Disaster Planning – Business Continuity Cost of No Plan

Cost of no Plan

CIO and the organizations they manage need to place a high value on being prepared for disasters of any kind because the practical ramifications of failing to do so can be very high indeed:

  • Lost revenue: Even the loss of a single mission-critical service, such as e-mail or web connectivity, can cost some companies millions of dollars in revenue. Avoiding this downtime with a business continuity and disaster recovery plan in place is a clear benefit.
  • Customer confidence: When a company experiences an interruption in services or suffers a loss of data, customers can lose confidence in that firm’s viability in a crisis and its ability to meet their needs and protect their personal information.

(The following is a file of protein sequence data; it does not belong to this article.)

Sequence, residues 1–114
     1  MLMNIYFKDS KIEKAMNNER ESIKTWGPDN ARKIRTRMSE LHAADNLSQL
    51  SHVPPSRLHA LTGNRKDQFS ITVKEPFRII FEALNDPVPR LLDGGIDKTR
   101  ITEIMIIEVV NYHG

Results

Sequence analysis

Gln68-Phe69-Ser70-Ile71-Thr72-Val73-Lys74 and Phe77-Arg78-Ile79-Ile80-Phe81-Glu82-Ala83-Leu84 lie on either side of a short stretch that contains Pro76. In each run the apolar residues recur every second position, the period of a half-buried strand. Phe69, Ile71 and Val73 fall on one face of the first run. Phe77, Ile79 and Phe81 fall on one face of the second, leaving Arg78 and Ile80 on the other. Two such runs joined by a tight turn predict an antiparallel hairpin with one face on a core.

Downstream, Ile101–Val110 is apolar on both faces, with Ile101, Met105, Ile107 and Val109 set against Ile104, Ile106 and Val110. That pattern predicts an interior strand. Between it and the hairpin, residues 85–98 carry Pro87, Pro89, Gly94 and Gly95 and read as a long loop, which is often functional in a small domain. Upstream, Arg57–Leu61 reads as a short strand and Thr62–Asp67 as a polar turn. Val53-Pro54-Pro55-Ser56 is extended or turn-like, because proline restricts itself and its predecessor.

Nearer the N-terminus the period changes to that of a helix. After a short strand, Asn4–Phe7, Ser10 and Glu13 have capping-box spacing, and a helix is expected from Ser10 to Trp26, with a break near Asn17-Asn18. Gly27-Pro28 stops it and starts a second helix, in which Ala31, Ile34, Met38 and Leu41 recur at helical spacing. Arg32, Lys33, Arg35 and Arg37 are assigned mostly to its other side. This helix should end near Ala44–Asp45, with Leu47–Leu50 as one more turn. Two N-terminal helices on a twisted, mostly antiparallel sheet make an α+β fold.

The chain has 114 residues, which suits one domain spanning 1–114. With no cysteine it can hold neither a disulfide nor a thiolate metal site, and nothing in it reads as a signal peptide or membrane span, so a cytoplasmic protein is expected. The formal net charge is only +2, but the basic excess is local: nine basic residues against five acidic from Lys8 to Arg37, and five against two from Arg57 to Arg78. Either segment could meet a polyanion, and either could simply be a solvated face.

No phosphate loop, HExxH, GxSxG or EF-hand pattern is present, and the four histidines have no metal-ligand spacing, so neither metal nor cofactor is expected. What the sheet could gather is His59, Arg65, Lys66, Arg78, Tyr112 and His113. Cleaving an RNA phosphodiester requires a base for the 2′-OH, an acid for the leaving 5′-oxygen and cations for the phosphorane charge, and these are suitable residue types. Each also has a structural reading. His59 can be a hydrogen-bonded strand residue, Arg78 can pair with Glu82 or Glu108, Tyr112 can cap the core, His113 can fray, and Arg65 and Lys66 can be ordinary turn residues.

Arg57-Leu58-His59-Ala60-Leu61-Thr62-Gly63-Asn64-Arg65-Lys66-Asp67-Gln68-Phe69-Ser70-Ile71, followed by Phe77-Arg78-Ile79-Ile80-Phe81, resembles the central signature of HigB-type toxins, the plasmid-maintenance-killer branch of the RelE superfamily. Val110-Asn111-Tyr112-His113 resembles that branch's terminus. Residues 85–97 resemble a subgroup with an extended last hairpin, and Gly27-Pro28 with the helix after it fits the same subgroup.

• Compliance penalties and fines: Government regulated businesses found to be in a state of noncompliance could be subjected to lawsuits, fines and penalties.
  • Staff confidence and effectiveness: As technology becomes an even greater part of business operations, users have come to rely more and more on services and technologies to do their jobs. When those services or technologies become unavailable, even for short periods of time, users suffer major productivity losses.
  • In addition to the direct costs of lost productivity, long-term damage can result in low staff morale and confidence in the organization, extending the monetary damages well into the future, even after services have been restored.

 

Disaster Planning – Business Continuity Tutorial.

Author: Victor Janulaitis

M. Victor Janulaitis is the CEO of Janco Associates. He has taught at the USC Graduate School of Business, been a guest lecturer at the UCLA’s Anderson School of Business, a Graduate School at Harvard University, and several other universities in various programs.